You may have heard that there is no right answer. It's a favorite saying of some fine arts professors. It's designed to prevent favoring one approach to a problem over another. However, in the technology world, this is correct, but the thinking is backwards.
In most technology situations, it's not that there are too many solutions; there are not enough. The key is finding alternatives to your initial solution when it doesn't work out.
Real World Problems Don't Have One Easy Answer
While in educational settings, we are conditioned to believe that there is one easy, correct answer that, when we find it, the clouds will part, the sun will shine, and there will be heavenly music playing all around us. Real world problems do sometimes have simple answers; however, I have yet to see the clouds part even once when I've realized the simplicity of a solution.
In the real world, it's not always the first approach that leads to an answer. It's also not always the second or third. Finding answers often requires attempts at multiple solutions and combinations of solutions until an acceptable answer is found.
It's important not to seek a single right answer to problems. Doing this is a fool's errand that often ends with disappointment. Rather, being open to multiple possible, probable, and good solutions is a prerequisite.
Don't Take No for an Answer
One of the most difficult things is to learn when "No" doesn't mean "No." It may mean, "I don't know how." Or it may mean, "not this way." Often, when we confront others to ask them how to do something, their immediate response is that it cannot be done. It's impossible, they might say. Often times, this simply means that it's beyond someone's experience.
I get the "No" message all the time. In integrating one product with another, I've heard it countless times, in countless different forms. Nearly always "No" melted away once I tried a few alternatives. Whether it was routing the information through a third system, designing a custom integration component, or simply trying a non-standard implementation strategy, the "No" didn't really mean no.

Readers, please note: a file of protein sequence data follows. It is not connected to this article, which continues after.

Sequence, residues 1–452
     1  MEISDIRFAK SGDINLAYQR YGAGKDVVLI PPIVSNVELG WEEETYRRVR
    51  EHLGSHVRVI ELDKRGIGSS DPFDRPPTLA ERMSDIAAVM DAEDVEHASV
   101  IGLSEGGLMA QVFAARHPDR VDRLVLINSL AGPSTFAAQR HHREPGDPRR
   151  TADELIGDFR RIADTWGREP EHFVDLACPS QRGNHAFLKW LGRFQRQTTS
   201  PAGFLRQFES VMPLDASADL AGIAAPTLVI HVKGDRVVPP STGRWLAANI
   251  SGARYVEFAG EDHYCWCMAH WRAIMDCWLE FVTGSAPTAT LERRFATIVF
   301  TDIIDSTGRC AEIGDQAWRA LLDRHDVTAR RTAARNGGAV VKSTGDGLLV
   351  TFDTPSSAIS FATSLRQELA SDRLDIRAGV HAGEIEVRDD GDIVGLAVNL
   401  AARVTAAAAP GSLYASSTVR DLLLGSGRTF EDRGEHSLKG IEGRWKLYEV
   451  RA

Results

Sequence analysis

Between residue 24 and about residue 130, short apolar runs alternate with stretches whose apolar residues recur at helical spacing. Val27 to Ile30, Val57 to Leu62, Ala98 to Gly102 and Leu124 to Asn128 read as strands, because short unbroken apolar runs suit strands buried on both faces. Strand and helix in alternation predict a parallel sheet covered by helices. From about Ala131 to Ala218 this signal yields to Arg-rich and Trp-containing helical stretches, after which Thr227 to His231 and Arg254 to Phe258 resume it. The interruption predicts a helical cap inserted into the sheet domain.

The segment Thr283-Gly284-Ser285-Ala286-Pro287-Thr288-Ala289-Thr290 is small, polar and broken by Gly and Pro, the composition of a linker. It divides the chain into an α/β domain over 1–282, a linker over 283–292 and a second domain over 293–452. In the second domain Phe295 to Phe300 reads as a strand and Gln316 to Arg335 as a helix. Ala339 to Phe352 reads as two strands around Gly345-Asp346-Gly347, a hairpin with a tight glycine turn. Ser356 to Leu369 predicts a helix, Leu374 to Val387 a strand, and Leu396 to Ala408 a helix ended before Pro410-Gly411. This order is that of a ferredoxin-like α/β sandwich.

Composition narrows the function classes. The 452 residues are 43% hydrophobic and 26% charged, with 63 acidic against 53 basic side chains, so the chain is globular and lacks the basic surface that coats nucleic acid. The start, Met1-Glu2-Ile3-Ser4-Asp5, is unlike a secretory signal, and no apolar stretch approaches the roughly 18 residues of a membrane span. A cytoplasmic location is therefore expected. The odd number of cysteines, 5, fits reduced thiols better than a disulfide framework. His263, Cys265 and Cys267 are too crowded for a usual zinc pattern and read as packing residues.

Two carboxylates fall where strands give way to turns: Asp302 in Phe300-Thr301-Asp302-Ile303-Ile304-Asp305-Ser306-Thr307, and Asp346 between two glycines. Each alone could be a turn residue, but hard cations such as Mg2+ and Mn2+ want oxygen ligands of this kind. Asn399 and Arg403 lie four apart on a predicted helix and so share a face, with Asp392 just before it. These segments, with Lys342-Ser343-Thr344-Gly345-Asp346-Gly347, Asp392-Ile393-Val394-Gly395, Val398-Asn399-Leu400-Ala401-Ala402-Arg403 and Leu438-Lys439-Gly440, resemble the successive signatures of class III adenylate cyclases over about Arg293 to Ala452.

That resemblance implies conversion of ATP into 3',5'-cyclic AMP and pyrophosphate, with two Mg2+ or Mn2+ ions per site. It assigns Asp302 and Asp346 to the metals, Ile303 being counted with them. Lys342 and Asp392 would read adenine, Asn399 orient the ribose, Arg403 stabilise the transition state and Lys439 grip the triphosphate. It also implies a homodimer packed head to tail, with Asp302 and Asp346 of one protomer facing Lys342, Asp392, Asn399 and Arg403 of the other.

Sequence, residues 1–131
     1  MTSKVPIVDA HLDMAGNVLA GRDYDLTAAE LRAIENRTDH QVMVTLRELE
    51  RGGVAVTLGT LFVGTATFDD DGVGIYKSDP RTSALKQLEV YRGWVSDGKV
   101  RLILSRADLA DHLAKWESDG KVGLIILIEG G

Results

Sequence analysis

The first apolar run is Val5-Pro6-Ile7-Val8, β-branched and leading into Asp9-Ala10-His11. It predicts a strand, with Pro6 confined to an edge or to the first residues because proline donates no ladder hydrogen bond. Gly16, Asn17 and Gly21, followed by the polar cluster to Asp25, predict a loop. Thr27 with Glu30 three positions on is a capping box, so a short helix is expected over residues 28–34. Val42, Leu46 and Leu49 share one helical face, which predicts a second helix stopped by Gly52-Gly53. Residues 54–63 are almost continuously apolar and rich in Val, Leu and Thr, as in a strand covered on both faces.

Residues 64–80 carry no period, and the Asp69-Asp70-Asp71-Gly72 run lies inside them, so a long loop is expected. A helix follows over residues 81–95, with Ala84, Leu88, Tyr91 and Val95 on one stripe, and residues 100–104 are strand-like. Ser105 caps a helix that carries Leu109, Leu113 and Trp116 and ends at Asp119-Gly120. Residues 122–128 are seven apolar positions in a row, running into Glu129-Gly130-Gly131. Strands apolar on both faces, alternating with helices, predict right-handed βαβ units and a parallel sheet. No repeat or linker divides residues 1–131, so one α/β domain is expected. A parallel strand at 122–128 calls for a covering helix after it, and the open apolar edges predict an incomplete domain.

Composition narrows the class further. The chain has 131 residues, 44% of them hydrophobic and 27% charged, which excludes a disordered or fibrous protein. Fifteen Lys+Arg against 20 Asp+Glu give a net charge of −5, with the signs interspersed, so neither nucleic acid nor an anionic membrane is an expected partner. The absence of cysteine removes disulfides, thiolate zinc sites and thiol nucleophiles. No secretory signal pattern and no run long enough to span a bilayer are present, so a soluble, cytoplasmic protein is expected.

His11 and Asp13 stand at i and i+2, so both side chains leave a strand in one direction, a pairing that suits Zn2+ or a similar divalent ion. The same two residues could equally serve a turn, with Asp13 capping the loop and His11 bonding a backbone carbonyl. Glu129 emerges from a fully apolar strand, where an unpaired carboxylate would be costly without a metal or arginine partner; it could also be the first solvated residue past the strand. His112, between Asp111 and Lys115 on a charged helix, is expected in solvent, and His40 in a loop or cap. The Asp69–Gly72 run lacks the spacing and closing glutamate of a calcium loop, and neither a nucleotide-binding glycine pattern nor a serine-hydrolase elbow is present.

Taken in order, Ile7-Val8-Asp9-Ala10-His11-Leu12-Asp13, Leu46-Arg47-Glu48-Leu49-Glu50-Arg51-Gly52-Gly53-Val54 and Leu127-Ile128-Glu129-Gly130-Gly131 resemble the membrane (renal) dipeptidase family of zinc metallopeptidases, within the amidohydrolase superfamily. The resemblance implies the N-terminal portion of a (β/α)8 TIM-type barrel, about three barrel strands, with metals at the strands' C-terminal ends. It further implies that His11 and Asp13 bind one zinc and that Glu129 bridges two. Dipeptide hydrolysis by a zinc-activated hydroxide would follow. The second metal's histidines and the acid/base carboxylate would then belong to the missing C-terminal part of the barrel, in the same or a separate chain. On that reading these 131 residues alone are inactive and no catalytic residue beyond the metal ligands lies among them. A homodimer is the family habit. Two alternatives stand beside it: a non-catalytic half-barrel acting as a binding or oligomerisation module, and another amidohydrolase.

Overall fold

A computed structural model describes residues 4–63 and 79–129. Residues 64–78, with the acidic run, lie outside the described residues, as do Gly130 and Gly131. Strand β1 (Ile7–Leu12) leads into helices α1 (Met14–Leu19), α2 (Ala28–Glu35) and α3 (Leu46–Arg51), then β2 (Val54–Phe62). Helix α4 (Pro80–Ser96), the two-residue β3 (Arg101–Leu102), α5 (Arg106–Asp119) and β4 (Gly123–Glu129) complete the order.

Often, younger, less experienced professionals hear the word "No" and run away in great fear. It was as if they had been confronted with a giant who refused to let them pass. This is something that naturally fades a bit with time and experience. It is also something that you can consciously defend yourself against. Before you just accept "No" for an answer, consider whether it is really a no, or if it's simply that the path has not been trodden before.
Seek Outside Input
No matter who you are, you live inside the prison of your own mind. We are all prisoners to all that our experience and learning has taught us. As a result, the solutions that we find are confined to that world. Instead of beating our heads against the proverbial wall trying to find another solution, it is often good to share the problem, or parts of the problem, with peers. This is especially true when the peers that you have as resources have a radically different background than you do.
One of the things that I've learned from those I work with is that someone who is focused on core network connectivity sees things very differently than a software developer or someone responsible for server infrastructure. In fact, the very source of conflict between the groups can be a powerful way to find solutions.
When faced with a performance problem, the developer might immediately jump to fixing the SQL queries so that they execute faster. The server people might seek a new, faster server, and the network connectivity staff might focus in on the latency between the application server and the database server. None of these approaches in themselves may solve a performance problem; however, together, there is the possibility that a solution can be found.